One new idea for every day in 2011. We're talking big, small, local,
international, in action, and on the drawing board. Here's today's --
‚ÄčLondon-based designer Katy Beveridge isn't alone in her fascination with zoetropes; the quickly spinning devices have been used to create animations for centuries. Today, they've helped the development of the cinemagraph and the physical GIF.
While studying for her dissertation, Beveridge came up with a simple question: Is it possible to film animation in real time, with the help of a few snowflake and gear-shaped paper cutouts attached to a few bicycle wheels?
(Watch the answer after the jump ...)
"I've taken a lot of influence from other contemporary designers who are using these techniques to explore the way we look at animation and how its made," she writes. "I developed this project based on what is being done in animation right now as well as a lot of primary research into the history of animation techniques."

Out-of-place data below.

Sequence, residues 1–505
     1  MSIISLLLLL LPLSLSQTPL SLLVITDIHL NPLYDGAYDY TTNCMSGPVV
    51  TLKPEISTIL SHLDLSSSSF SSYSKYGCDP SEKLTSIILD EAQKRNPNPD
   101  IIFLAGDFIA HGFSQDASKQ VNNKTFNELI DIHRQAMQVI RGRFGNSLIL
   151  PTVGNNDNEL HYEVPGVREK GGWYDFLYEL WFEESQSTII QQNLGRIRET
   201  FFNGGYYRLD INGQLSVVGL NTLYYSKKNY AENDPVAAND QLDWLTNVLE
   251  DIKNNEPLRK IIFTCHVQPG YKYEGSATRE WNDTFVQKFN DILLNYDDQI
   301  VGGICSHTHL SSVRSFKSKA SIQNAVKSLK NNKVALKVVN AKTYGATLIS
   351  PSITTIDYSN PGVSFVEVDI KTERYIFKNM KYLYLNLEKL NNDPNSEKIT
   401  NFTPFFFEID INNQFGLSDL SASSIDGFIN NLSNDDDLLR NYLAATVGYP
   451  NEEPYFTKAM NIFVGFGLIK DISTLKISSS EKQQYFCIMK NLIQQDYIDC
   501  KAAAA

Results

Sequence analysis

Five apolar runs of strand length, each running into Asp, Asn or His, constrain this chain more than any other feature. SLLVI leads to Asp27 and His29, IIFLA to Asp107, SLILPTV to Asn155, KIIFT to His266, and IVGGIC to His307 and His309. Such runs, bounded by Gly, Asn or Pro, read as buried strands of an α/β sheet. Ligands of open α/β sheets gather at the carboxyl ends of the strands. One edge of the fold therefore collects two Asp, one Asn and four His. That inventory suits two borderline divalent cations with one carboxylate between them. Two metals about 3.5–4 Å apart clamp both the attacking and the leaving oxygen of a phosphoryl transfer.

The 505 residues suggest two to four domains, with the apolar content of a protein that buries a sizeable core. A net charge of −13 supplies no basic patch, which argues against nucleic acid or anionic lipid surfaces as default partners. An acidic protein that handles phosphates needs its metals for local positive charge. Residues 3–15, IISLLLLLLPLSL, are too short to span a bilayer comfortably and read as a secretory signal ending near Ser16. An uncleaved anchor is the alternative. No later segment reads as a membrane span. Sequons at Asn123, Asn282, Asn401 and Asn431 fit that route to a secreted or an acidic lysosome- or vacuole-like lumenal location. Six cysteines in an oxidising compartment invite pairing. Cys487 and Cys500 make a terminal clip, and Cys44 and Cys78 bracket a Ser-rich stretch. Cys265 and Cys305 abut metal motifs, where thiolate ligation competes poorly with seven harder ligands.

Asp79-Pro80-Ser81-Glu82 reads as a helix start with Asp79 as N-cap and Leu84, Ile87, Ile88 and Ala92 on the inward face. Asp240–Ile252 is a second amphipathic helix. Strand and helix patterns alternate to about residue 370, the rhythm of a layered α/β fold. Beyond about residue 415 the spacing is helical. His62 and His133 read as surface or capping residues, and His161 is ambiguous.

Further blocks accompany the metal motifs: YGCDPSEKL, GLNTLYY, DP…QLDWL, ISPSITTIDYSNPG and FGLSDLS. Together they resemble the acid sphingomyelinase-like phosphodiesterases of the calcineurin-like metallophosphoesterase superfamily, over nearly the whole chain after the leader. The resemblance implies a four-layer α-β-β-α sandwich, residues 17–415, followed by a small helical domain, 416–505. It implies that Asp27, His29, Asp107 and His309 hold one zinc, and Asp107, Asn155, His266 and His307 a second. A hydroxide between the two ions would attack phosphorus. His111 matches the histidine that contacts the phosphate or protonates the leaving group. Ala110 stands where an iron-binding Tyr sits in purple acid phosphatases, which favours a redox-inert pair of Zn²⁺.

Beveridge's zoetrope can only be captured on film -- the human eye cannot process the paper's rotations on the wheels and becomes blurry. When filmed, however, her designs come to life.